Hopkins’ legacy is secure in spite of the fall
INGLEWOOD, Calif. – It wasn’t supposed to end this way, not with a devastating loss and not in such a bizarre manner.
Bernard Hopkins looked like an average fighter at best in his farewell outing against Joe Smith Jr. on Saturday night at the Forum, as the 51-year-old struggled to get his punches off and took too many hard shots for anyone’s comfort outside Team Smith.
“The Executioner” had his moments but there weren’t enough of them for this to have a fairy tale ending. Instead, it was more like the conclusion of a horror story.
The eighth round had begun about 30 seconds earlier when Hopkins found himself with his back against the ropes and Smith firing away. The lean, but powerful Long Islander landed a hard right followed by several more nasty blows, the last of which sent Hopkins crashing through the ropes and onto the floor as a disbelieving crowd of 6,513 gasped.
Hopkins had 20 seconds to get back into the ring, as per the rules, but he was unable to do that because he evidently hit his head in the fall and somehow injured his right ankle.
That gave Smith a technical knockout and a place in history – the only fighter to KO Hopkins.
So that was that, the end of the fight and Hopkins’ career. And lest there be any doubt about this being his last fight, he was asked point blank whether he thought he’d ever fight again. He said unequivocally, “No.”
“I’m ready to move on,” he said.
Hopkins (55-8-2, 32 knockouts) had been fighting for most of the past half century, if you count years on the unforgiving streets of his Philadelphia neighborhood.
He had just one more thing to accomplish in a 28-year professional career that has seen him win 10 world titles in two divisions and the respect of everyone with any knowledge of boxing. And that was to go out with a victory in his final fight.
No one would’ve criticized Hopkins had he chosen a pushover as his foil. He certainly has earned it. Instead, he chose Smith.
The 27-year-old wasn’t perceived as a world beater. His solid, but limited skill set and relative lack of experience seemed to be made to order for Hopkins, one of the most skillful boxers of his or any generation. At the same time, Smith posed a threat. He’s young and packs power in his punches, as he demonstrated by stopping contender Andrzej Fonfara in the first round in his previous fight.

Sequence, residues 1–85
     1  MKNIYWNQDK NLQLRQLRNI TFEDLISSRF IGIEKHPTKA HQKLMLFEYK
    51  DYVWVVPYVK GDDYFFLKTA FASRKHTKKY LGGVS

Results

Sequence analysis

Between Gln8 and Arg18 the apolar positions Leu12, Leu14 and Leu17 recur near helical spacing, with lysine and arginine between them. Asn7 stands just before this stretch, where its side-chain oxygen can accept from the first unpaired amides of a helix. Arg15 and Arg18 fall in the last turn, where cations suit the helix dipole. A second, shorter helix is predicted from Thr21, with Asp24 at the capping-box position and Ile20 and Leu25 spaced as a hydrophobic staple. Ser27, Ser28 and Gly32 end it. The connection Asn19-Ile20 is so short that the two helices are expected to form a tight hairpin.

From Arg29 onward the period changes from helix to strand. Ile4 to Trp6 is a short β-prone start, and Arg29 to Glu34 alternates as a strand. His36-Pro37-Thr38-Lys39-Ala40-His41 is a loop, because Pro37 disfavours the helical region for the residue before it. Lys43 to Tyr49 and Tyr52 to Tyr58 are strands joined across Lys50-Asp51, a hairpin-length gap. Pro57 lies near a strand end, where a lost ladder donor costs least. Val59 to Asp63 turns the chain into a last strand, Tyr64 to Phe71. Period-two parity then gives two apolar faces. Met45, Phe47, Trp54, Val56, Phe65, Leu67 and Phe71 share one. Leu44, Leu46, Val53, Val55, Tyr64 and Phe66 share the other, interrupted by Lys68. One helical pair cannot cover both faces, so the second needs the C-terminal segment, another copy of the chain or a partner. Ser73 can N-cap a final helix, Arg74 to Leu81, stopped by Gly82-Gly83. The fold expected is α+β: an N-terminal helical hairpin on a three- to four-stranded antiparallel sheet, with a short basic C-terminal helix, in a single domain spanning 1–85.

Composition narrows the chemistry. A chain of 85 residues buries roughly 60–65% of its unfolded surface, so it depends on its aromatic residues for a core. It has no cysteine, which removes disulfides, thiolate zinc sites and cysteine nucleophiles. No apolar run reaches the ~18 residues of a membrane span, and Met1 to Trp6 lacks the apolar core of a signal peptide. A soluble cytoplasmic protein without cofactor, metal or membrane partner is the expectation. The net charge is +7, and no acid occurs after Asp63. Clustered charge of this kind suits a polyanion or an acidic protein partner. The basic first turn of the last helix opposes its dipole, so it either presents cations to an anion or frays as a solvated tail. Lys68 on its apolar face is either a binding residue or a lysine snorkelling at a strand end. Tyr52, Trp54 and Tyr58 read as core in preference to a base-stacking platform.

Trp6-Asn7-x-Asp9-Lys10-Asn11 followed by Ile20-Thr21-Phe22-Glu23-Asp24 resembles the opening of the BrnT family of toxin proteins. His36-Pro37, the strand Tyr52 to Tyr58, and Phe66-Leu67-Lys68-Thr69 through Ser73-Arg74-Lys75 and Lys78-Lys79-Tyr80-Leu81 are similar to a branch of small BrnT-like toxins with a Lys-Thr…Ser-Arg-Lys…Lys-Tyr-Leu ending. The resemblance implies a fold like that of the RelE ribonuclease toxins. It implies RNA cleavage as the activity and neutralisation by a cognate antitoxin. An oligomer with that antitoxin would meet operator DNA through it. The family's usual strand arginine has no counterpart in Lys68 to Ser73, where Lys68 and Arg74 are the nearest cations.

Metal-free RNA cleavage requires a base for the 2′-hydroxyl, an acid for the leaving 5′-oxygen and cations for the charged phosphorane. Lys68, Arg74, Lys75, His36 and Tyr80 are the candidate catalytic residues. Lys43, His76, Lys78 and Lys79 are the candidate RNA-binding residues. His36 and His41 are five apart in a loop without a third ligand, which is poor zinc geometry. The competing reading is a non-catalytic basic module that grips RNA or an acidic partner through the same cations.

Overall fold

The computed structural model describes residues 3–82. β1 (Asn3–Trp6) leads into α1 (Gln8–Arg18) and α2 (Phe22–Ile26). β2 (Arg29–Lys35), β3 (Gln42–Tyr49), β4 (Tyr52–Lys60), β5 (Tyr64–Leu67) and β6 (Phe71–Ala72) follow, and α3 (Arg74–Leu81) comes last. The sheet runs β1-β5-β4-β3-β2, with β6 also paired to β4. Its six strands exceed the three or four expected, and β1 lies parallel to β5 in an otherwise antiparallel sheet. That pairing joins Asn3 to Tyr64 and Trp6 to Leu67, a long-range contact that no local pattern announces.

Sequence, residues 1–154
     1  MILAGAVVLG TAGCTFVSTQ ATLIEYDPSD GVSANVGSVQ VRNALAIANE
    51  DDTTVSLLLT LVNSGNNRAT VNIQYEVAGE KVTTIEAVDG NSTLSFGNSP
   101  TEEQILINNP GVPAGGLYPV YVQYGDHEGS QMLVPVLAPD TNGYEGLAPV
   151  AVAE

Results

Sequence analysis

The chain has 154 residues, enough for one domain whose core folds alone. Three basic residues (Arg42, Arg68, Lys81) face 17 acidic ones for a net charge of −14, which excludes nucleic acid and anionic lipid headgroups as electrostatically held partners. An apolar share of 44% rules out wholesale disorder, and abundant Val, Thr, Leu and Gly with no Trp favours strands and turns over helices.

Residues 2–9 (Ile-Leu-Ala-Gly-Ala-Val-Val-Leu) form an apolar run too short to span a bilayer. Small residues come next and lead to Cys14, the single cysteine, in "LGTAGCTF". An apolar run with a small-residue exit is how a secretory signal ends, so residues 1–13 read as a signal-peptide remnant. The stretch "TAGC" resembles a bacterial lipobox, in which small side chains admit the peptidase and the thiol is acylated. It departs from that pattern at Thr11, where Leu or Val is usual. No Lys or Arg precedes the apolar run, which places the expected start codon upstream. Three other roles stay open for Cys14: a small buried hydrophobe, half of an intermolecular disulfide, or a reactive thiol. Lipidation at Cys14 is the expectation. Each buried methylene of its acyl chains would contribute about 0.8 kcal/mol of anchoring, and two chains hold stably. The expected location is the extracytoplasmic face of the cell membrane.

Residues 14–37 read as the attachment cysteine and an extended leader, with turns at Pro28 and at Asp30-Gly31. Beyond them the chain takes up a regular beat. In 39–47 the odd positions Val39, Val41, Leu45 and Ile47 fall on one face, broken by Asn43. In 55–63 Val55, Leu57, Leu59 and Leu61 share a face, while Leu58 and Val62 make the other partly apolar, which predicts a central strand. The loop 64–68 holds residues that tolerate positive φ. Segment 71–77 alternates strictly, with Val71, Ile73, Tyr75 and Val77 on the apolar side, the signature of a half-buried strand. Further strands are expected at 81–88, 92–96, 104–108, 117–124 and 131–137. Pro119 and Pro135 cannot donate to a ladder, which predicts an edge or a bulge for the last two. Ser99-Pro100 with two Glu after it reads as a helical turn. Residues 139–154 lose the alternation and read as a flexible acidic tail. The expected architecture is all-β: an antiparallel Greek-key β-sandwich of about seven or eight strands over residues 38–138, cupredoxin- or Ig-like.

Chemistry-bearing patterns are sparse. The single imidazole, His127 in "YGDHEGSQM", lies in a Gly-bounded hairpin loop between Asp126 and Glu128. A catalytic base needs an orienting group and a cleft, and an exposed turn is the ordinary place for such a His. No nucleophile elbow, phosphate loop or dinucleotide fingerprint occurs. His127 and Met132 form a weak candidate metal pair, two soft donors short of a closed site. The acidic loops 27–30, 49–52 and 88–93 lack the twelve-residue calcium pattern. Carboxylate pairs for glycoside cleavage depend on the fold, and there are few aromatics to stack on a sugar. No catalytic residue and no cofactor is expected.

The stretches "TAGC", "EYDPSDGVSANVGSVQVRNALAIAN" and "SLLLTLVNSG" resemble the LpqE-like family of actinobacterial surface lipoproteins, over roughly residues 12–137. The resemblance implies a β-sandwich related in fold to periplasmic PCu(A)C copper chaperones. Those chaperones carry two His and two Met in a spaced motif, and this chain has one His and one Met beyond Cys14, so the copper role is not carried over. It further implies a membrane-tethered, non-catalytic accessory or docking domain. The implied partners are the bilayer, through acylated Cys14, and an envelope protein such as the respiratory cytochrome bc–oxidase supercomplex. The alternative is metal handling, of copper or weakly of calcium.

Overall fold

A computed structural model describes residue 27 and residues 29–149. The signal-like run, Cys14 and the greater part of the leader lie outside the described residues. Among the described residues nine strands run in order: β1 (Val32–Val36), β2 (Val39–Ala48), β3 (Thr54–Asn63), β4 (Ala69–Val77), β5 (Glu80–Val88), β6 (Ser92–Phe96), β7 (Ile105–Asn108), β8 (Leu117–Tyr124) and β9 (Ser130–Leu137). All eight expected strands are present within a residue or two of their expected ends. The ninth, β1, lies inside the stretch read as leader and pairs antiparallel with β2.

Turns out Smith (23-1, 19 KOs) could win rounds after all while his power, indeed, turned out to be the difference in the fight.
Hopkins did a pretty good job of bobbing and holding to avoid the majority of Smith’s punches – he landed only 21.2 percent of them, according to CompuBox – but plenty landed, including some very hard shots that made many in the crowd wince. And while Hopkins had his moments, landing an eye-catching shot here or there, he was essentially outworked in seven-plus rounds.
Smith landed 86 of 405 punches; Hopkins 54 of 185. And the winner was leading on the cards after seven rounds: Judges Thomas Taylor and Tim Cheatham had Smith ahead 69-64 and 67-66, respectively, while judge Pat Russell somehow had Hopkins on top 67-66. I had it 68-65 for Smith.
Of course, none of that mattered when Hopkins went flying out of the ring.
Hopkins was able to stand on his injured ankle moments after the fall but he told California Athletic Commission officials that he needed time to determine whether he could fight. That wasn’t an option. His failure to get back into ring within 20 seconds ended the fight.
“I just remember bouncing off the ropes, using them as defense, bouncing off the ropes and looking to counter or for positioning,” said Hopkins, who limped to and from the post-fight media conference.
“I could feel after those punches that I couldn’t grab the ropes; there was nothing to grab. I felt a push or body push with an elbow. That’s really all I remember. I tried to grab (the rope) and went down.”
The image of Hopkins on the floor – and the fact he couldn’t continue – was painful to see for anyone who has followed his career. Most of us thought he would outbox Smith and eke out a decision victory, certainly not anything like this.
It could’ve been worse, though. He could’ve broken his neck in the fall, as one colleague pointed out. Can you imagine that? Or he could’ve been knocked out cold or taken a beating in the final four-plus rounds, which seemed possible.
As it was, he went out in an ugly way but he was talking lucidly about it not long after it happened. He seemed embarrassed, but healthy.
And he can say this: He’s not the only great fighter to finish his career after falling through the ropes. The exact same thing happened to Joe Louis in his final fight, courtesy of fellow Hall of Famer Rocky Marciano.
Those who reflect on Louis’ career don’t think of that fight first; it’s more or less an afterthought. They remember his great victories and impact on the sport. And that’s how it will be with Hopkins.
We’ll remember BHop’s amazing, record-setting run as middleweight champion, his “upsets” of Felix Trinidad, Antonio Tarver, Kelly Pavlik and Jean Pascal, as well as many other important triumphs. And, of course, we’ll remember that he was able to fight on an elite level into his 50s – think one more time about that – because he did everything the way it’s supposed be done.
What happened on Saturday night doesn’t diminish any of the above one iota.